Given the high genetic barrier of boosted PIs, several large studies have evaluated this simplification strategy. Boosted-PI monotherapy trials have been extensively reviewed previously [37, 38] and are therefore not covered in detail here. In the 96-week trial of LPV/r monotherapy in virologically suppressed patients receiving a boosted-PI + NRTI regimen with no history of failure (OK trial), although the virological success rate was similar, the monotherapy arm had a significantly higher rate of low-level viremia (12%) necessitating reinduction with NRTIs [39]. A similar trial with DRV/r monotherapy (MONET) [40] also demonstrated a high virological success rate with DRV/r however the monotherapy arm had a higher rate of low-level viremia. Overall, although the virological response rates in LPV/r or DRV/r mono-therapy arms are high and PI mutations are rare in the setting of regular virological monitoring, there appears to be a greater risk of consistent low-level viremia which may herald virological failure in the monotherapy arms. In the fully powered EARNEST study [19] described above, the PI monotherapy arm (combined for the first 12 weeks of treatment with RAL 400 mg bid) was found to be significantly inferior to the standard ART arm. The authors concluded that such a strategy is unsuitable for a public health approach. Presently, none of the major treatment guidelines recommend PI monotherapy because of concerns regarding efficacy [14].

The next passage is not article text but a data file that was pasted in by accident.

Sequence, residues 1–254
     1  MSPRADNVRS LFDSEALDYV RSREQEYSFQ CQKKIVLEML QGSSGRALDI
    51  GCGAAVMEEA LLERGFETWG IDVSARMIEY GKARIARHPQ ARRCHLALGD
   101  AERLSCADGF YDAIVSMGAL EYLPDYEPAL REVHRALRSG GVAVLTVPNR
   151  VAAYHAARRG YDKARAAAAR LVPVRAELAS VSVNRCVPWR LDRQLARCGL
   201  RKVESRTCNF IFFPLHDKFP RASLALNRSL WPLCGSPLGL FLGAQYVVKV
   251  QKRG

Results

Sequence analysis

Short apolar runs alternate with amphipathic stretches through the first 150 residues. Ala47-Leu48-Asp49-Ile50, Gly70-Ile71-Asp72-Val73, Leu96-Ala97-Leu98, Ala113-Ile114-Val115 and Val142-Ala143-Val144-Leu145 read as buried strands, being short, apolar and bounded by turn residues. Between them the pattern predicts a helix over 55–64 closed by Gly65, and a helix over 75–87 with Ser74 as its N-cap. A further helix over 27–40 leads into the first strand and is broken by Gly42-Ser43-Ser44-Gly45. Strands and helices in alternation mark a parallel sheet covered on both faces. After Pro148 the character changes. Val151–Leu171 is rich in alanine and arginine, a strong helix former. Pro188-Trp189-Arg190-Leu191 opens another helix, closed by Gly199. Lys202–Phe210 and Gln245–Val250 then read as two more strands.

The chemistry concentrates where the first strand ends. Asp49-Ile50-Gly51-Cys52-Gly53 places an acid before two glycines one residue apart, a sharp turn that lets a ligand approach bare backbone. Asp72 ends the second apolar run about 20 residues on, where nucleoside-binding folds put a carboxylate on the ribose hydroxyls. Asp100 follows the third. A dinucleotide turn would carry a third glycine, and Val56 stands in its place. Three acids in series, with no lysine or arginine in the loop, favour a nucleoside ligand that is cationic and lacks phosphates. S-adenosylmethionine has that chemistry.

NRTI-sparing regimens in ART naïve patients

Large, fully powered trials evaluating NRTI sparing regimens in ART naïve patients are few and most smaller studies have suggested that care must be exercised in selecting both suitable agents and candidates for such regimens. Key studies are summarised in Table 3[4148].

Table 3 Key recent studies of switch to NRTI-sparing first-line ART regimens in ART naïve patients